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The Three Things I Taught My Daughter About Reaching Her Full Potential

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We all want our children to reach their full potential and the same is true when you're raising an Olympic athlete. My daughter, Stephanie Labbe, started playing soccer when she was 12 and from that point on, a large part of the whole family's life was spent on sport fields and arenas. Throughout our 15 year-journey to the 2016 Olympic Games, we've focused on these three guiding principles to keep us moving forward and help her reach her full potential.

Support
I wouldn't use the word "sacrifice" to describe my journey to Rio with Stephanie, but as a family we definitely adjusted our schedules to support and cheer her on. Family vacations often revolved around whatever country she had a game in -- and we loved it! To this day, we schedule our family holidays around her tournaments so we can be there to give her a big hug after each game.

Communication
As a family, a large part of our strength is drawn from open communication. It was the biggest type of support we could provide Stephanie over the years. Often we had to watch her games online but we always made sure to send her a text before the game to let her know we were rooting for her.
Communication in our family never held any restrictions. I remember in university she felt she wasn't getting enough playing time and needed a pep talk at 2:00 a.m. one night -- so my phone rang. Stephanie eventually decided to take a step back from the national team in 2012. We always told her to talk it out with coaches and peers as well as my husband and myself. Our communication gave her the strength she needed to be comfortable in her decision.

As a mom, I've always tried to be strong for Stephanie. Watching her struggle with the decision to step back from the team in 2012 was a time where I had to be particularly strong. Every time I see that Thank You Mom video, it reminds me how important my strength and support of her is.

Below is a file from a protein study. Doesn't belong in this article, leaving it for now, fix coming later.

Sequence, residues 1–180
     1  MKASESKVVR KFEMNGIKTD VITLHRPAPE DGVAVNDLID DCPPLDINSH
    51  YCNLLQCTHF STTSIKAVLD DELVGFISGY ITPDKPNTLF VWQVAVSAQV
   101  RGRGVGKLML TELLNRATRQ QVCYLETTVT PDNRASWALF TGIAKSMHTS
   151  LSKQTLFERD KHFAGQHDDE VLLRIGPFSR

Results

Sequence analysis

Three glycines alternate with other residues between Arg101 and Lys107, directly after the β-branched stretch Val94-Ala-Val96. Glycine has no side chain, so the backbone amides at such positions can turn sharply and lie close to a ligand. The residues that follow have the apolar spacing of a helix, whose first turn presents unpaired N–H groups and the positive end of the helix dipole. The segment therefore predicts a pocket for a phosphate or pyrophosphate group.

Stephanie and I are both proud women and so we're excited to be associated with the Like A Girl campaign, because we know how difficult it can be for girls during puberty to maintain and grow self confidence. Stephanie is living proof that with the right support and encouragement, girls can take on the world.

Positivity
A trait I admire most of Stephanie is her positivity. She always sees the good in people. If I could give one piece of advice to parents who are starting this journey with their kid it would be to stay focused on the good. Recognize when your son or daughter is down and keep lifting them up. Over the years, we've learned to let the coaches do their job even when we don't agree with their calls. Being an elite athlete has enough pressures without having Stephanie worry about what we think.

As we head to Rio in a few short weeks we'll carry each of these principles with us. None of us set out to raise an Olympian but with support, communication and positivity we can all raise pretty great kids!

Athlete Bio
Beverly Labbe is the mother of Stephanie Labbe of the Canadian Women's Olympic soccer team that will be heading to Rio to compete on the world stage this August. Stephanie is the goalkeeper on the women's team and this will be her first Olympics. She currently has one Pan Am Games medal to her credit, having won silver at Santo Domingo 2003. With the under-20 team she won gold and silver at the 2004 and 2006 CONCACAF Championships. As a member of the senior team, Labbé has three Cyprus Cup Championships, a CONCACAF gold medal from 2010, and played in the 2015 FIFA Women's World Cup.

Stephanie and Beverly are associated with the Like A Girl campaign, because they know how difficult it can be for girls during puberty to maintain and grow self confidence. Stephanie is living proof that with the right support and encouragement, girls can take on the world.